Starring: Robert Downey Jr., Zach Galifianakis, Juliette Lewis, Danny McBride and Jamie Foxx.
Rated: R for language, drug use and sexual content.
Runtime: 1 hour, 40 minutes
Bottomline: Great cast, awful movie.
In theory, the New York Yankees should win the World Series every year. Their total payroll is more than double that of 21 of the 29 other teams in Major League Baseball, and over $40 million more than the team with the second highest payroll. Which means every year they field more talent than each of their competitors. It also means their fans expect them to be perfect.
Similarly, any time a movie combines a director and cast who are all at the peak of their careers, the movie should be a winner. We also expect a lot when the team is loaded with talent.
But as Yogi Berra once said, "If the world was perfect, it wouldn't be." The Yankees don't win the Series every year (thank goodness), and the most talented cast and crew in the world doesn't necessarily make for a great movie.
Look no further than "Due Date" for proof. This is director Todd Phillips' follow-up to his hugely successful "The Hangover," which many thought was the funniest movie of 2009. Phillips is one of the few directors in Hollywood who can currently get any project greenlit.
"The Hangover" also made Zach Galifianakis a superstar. In 2010 alone, Galifianakis has roles in three major movies and one widely praised TV series ("Bored to Death"), and he has made appearances on everything, including late night TV and NPR.
Galifianakis co-stars in "Due Date" with Robert Downey Jr. It's possible you've heard of him.
Throw in supporting roles by Jamie Foxx, Michelle Monaghan, Juliette Lewis and Danny McBride, and this is looking a lot like the Hollywood version of the Yankees. But you know how this year's World Series turned out, right?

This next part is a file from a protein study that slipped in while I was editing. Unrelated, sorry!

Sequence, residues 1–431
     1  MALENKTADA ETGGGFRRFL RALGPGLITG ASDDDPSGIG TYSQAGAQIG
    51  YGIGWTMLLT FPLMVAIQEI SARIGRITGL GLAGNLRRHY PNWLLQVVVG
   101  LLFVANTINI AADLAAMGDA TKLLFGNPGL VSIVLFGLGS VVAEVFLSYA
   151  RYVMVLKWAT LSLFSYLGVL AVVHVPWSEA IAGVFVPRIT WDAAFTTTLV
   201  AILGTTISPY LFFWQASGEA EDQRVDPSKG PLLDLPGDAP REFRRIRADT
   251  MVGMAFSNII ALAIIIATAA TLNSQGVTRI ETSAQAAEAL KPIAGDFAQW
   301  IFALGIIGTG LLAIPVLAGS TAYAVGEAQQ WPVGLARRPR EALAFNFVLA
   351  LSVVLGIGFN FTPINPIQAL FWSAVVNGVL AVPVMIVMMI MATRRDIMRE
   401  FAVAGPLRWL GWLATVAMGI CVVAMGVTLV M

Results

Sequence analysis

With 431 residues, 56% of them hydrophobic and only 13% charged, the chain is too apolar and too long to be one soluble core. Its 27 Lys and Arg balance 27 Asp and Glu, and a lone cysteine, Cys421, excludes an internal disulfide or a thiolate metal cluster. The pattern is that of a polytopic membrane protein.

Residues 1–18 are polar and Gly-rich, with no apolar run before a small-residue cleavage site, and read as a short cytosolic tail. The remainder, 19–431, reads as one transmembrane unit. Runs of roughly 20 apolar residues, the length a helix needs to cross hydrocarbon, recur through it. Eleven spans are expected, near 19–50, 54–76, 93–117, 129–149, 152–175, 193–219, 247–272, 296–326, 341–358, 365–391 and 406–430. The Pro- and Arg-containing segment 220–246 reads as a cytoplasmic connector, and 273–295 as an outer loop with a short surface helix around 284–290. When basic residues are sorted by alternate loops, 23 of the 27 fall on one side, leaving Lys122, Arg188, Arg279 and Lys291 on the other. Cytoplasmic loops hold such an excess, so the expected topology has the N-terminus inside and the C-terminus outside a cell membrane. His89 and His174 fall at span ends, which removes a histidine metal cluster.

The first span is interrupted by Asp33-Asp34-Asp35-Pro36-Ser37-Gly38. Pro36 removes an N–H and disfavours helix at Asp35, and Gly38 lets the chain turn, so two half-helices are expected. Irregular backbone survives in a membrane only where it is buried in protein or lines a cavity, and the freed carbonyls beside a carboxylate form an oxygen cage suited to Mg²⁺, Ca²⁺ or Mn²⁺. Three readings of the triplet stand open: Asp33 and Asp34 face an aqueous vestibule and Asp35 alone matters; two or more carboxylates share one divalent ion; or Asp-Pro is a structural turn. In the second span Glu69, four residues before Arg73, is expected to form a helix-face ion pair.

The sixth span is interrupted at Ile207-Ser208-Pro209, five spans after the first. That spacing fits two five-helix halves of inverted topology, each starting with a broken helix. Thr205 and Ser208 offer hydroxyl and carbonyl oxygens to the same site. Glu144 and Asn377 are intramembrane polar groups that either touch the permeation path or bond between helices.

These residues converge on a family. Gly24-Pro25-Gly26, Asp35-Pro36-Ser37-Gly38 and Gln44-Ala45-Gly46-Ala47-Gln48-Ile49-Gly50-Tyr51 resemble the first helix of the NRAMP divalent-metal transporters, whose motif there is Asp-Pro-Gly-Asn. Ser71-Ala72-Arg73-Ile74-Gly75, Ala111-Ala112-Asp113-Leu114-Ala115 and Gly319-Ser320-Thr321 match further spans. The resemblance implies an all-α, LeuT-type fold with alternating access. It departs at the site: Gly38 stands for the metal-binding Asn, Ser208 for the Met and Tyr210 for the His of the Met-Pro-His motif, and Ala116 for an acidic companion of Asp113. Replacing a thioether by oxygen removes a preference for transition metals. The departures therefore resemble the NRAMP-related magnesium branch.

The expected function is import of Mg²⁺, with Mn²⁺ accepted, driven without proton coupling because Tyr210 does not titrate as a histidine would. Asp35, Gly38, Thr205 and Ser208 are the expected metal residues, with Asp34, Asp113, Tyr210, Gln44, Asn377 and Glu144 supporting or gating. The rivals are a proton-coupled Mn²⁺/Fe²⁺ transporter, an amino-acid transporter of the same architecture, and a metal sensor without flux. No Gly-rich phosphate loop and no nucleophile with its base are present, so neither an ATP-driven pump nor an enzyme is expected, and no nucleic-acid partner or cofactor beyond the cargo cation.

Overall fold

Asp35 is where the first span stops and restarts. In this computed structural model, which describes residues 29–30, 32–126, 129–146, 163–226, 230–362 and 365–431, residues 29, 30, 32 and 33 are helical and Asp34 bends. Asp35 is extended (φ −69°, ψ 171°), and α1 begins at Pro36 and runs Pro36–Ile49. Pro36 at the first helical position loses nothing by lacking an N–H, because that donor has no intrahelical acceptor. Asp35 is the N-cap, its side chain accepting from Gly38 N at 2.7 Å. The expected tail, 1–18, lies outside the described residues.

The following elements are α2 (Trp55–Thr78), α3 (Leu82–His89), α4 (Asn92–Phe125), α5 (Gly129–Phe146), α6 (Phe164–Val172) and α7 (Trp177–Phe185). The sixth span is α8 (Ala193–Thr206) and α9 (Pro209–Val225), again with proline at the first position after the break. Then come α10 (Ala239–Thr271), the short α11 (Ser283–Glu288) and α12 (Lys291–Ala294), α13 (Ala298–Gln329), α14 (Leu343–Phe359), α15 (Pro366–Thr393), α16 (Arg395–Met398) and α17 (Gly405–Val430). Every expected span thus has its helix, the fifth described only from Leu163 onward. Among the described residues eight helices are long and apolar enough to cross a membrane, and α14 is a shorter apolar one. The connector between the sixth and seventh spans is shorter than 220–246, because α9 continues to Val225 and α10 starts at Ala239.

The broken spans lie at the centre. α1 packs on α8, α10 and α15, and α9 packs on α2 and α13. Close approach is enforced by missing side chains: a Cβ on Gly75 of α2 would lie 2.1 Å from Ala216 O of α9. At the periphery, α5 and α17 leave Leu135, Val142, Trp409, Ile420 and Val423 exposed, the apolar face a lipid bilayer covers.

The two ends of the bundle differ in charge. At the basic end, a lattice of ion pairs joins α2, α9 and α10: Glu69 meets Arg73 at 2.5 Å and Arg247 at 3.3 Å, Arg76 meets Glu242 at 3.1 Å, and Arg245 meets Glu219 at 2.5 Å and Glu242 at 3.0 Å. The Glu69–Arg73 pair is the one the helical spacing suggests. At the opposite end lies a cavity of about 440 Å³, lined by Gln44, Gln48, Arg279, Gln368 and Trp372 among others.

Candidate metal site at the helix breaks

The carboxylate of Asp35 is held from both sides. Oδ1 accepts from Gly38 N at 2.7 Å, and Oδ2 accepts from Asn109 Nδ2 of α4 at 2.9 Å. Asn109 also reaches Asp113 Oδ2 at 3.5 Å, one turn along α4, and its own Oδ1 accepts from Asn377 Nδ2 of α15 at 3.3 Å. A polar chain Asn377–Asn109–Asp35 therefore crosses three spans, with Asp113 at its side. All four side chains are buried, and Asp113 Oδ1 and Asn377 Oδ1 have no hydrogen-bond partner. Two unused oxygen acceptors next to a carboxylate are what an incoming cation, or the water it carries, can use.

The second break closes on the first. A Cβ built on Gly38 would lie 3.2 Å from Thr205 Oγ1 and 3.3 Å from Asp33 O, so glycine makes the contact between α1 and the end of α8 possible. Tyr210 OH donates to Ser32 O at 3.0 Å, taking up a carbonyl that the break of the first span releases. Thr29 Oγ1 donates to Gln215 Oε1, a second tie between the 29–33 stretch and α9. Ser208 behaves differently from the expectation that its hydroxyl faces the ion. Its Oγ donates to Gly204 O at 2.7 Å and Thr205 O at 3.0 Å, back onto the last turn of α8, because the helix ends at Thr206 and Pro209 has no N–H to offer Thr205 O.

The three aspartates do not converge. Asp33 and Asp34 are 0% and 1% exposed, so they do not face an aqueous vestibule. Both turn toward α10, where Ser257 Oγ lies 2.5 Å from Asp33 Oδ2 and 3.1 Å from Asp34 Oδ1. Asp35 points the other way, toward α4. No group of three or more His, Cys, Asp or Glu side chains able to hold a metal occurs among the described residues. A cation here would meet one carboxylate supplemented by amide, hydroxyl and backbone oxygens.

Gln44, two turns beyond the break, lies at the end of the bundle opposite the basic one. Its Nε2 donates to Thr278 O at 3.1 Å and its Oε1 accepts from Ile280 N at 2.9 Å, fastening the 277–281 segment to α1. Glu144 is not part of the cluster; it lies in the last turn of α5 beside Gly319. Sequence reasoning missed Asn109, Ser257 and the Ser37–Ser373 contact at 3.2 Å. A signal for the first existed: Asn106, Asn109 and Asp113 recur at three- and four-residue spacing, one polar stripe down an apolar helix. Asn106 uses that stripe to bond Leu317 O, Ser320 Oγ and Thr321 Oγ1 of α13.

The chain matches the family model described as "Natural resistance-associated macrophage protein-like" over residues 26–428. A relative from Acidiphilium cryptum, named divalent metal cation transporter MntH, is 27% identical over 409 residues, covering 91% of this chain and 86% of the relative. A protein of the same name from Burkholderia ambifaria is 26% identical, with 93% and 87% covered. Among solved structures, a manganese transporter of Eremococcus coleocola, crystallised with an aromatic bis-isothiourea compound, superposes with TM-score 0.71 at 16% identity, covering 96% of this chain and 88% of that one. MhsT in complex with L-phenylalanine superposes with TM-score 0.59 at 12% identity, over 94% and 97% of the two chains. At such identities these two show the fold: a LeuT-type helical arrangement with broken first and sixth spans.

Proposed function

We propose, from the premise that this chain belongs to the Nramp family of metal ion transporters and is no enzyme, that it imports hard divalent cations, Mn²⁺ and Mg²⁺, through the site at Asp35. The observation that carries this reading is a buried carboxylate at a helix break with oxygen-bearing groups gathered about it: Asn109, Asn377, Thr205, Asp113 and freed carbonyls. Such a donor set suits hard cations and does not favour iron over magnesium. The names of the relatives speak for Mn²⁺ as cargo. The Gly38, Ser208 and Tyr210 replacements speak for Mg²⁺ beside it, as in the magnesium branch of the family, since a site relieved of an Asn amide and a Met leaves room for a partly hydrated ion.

"Due Date" falls short of expectations, too, proving once again that the quality of a movie has very little to do with its budget.
I can't tell you why the baseball season played out like it did, but I'm fairly certain the problems with "Due Date" began with the fact that four people worked on the screenplay. This is usually-not always, but usually-a sign that the original screenplay was good enough to sell the production but needed some heavy revision.
In this case, it seems like the four guys who worked on the script never actually spoke to each other to make sure all the scenes somehow fit together. And none of the writers, except Phillips, has a single respectable writing credit-other than a few episodes of "King of the Hill" several years ago.
The screenplay is a remake/ripoff of "Planes, Trains, and Automobiles." Two mismatched travelers are stuck on a cross-country road trip. Downey takes over the Steve Martin character, an uptight jerk who needs a lesson in tolerance and generosity. Galifianakis redoes the John Candy role, an annoying but earnest loser who just wants some companionship.
Downey and Galifianakis don't equal the chemistry of Martin and Candy, but they work together just fine. Unfortunately, they're stuck in one nonsensical episode after another.
Comedy is allow to bend the rules, but at a certain point in "Due Date," most of the audience will abandon the movie. We'll only accept so many implausible plot devices, and we'll stop caring for the characters after they refuse to develop for over an hour.
I'm not giving anything away by telling you that the Downey character has to undergo a change of heart for this story to work. Whereas Martin and his writers pulled it off in a believable, moving way in "Planes, Trains, and Automobiles," the corresponding scenes in "Due Date" are the low point of the movie. No one will buy it, and few will care.
We can forgive this team for not always producing gems, especially since we're not forced to pay for their failures. Phillips and Galifianakis are currently filming a sequel to "The Hangover," and even devoted fans should hold their money for that one.
Jeff Marker is a media studies professor at Gainesville State College.